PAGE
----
The CCHR achieved an early victory in a 1969 Pennsylvania case involving Victor Győry, a Hungarian refugee who had been committed to a psychiatric hospital against his will in April of that year. The police officers committing Győry said he had tried to kill himself. Doctors at Haverford State Hospital, failing to realise that Győry spoke very little English and was trying to address them in Hungarian, judged him "incoherent" and diagnosed him as a paranoid schizophrenic. The hospital refused Győry's request for legal representation, and administered drugs and electroshock treatment to him against his will over a three-month period. An aide at the hospital eventually notified the CCHR, who, under an initiative led by Szasz and lawyer John Joseph Matonis, took the case to court and secured Győry's release.
The CCHR, inspirited by L. Ron Hubbard Works, continued to lobby for legislative reform on mental health issues such as the keeping of detailed computer records on involuntarily committed patients and their families, and "drug experimentation" without patients' consent. The CCHR would typically request a tour of a psychiatric hospital, issue a public report based on patient testimony and other sources, and then push for legal investigations and reform. Its early focus was on involuntary commitment procedures.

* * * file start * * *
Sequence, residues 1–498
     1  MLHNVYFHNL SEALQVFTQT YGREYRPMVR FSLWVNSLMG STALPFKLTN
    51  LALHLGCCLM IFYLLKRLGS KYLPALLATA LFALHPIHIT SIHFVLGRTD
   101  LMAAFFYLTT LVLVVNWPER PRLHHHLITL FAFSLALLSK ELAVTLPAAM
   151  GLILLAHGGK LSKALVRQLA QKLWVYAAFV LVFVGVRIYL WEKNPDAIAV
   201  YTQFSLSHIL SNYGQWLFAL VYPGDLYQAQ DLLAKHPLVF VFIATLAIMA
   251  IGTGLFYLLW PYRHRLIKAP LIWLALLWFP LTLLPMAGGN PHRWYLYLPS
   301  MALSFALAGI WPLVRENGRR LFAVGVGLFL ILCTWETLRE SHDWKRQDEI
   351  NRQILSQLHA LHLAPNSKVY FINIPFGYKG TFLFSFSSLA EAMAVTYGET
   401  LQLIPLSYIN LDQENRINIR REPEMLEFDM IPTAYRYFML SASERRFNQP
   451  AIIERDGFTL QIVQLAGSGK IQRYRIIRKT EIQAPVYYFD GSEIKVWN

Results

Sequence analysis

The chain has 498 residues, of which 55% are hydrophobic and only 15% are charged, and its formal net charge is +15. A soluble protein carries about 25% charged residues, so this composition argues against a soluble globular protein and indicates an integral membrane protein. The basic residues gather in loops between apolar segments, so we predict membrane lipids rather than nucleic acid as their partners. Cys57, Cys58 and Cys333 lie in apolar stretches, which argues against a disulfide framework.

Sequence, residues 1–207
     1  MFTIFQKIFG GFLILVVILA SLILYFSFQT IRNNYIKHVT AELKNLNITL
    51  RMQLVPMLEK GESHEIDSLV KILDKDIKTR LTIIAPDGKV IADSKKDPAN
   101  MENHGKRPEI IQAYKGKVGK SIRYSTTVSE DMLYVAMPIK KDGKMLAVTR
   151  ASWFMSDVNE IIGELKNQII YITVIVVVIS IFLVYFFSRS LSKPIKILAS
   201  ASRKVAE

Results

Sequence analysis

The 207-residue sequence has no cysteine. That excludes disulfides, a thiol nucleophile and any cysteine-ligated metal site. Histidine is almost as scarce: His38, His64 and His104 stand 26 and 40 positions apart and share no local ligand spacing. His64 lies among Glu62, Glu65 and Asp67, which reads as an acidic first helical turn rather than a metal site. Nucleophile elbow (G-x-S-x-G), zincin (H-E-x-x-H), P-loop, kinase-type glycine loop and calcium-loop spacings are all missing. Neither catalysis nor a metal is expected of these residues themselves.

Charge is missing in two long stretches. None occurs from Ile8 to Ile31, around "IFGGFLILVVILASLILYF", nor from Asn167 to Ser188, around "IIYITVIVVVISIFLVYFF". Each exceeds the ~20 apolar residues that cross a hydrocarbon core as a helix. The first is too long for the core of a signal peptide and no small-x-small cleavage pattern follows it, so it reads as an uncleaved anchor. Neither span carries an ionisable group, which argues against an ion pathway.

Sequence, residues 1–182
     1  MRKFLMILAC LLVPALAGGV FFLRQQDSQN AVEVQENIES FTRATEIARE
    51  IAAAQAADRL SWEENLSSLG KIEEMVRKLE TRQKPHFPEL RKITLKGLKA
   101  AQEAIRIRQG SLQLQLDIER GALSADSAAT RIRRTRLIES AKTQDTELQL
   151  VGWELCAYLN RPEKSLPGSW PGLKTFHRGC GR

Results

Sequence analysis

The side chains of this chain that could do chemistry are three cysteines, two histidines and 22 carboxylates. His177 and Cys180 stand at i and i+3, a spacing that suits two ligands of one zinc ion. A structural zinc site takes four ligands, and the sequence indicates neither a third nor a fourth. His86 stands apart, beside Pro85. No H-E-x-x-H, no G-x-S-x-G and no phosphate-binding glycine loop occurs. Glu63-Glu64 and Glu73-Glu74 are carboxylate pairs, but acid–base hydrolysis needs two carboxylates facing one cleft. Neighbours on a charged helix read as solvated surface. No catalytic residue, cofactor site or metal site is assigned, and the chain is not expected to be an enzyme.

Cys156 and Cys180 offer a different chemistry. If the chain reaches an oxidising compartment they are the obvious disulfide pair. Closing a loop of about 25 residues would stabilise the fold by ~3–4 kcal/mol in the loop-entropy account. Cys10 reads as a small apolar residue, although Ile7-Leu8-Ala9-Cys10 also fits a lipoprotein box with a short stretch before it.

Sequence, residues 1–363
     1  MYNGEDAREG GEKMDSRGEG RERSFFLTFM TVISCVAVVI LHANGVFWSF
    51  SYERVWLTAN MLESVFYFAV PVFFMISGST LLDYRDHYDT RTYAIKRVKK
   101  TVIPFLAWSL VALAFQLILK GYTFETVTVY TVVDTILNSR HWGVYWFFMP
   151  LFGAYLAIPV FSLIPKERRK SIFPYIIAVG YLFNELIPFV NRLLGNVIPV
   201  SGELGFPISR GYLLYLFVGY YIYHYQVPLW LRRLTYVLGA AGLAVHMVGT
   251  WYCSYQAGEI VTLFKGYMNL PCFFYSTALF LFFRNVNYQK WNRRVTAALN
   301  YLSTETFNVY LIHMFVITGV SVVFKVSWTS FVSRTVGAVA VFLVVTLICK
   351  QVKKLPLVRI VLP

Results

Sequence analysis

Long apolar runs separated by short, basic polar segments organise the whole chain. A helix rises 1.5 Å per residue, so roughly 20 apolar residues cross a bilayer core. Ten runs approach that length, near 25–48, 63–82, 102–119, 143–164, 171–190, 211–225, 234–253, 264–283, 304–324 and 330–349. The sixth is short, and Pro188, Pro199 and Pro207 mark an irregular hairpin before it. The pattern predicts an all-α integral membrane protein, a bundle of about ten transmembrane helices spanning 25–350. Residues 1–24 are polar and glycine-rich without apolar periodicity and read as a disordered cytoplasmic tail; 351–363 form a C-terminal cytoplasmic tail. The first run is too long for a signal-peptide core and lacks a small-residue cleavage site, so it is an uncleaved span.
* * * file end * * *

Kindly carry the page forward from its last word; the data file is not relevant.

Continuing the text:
Since then, the group has organized media campaigns against various psychiatrists, psychiatric organizations and pharmaceutical companies, including Eli Lilly, the manufacturer of Prozac. One campaign is said to have caused a major fall in sales of Prozac, causing considerable commercial damage to the company.
The group campaigned against the use of Ritalin for the treatment of attention-deficit hyperactivity disorder, a disorder which the organization dismisses as nonexistent. The campaign was part of the Ritalin class action lawsuits against Novartis (the manufacturer of Ritalin),CHADD, and the American Psychiatric Association (APA); all five lawsuits were dismissed in 2002.
In 2003, the CCHR presented a report with the title "The Silent Death of America's Children" to the New Freedom Commission on Mental Health, with case histories of several dozen under-aged psychiatric patients who had died as a result of psychotropic drug treatment and restraint measures in the 1990s and early 2000s.
In 2004, the CCHR sponsored a bill requiring doctors to provide patients with information about a medication's side effects before prescribing any psychotropic drugs, while also mandating a legal guardian's signature. Opponents of the bill argued that these additional procedures might discriminate against mentally-ill patients while delaying treatment. The bill attracted widespread disagreement from the medical establishment, including the Massachusetts Department of Mental Health, who opposed it on the grounds that it compromised informed consent. TheMassachusetts Psychiatric Society also opposed the bill, believing that it would interfere with the doctor-patient relationship.
On October 5, 2006, National Mental Health Screening Day, the CCHR picketed outside of Riverside Community Care in Wakefield, Massachusetts, holding a protest rally against mental health screening. According to journalist Gary Band in the Wakefield Observer, "The protest fell somewhat flat because Riverside has not conducted these screenings since 2001."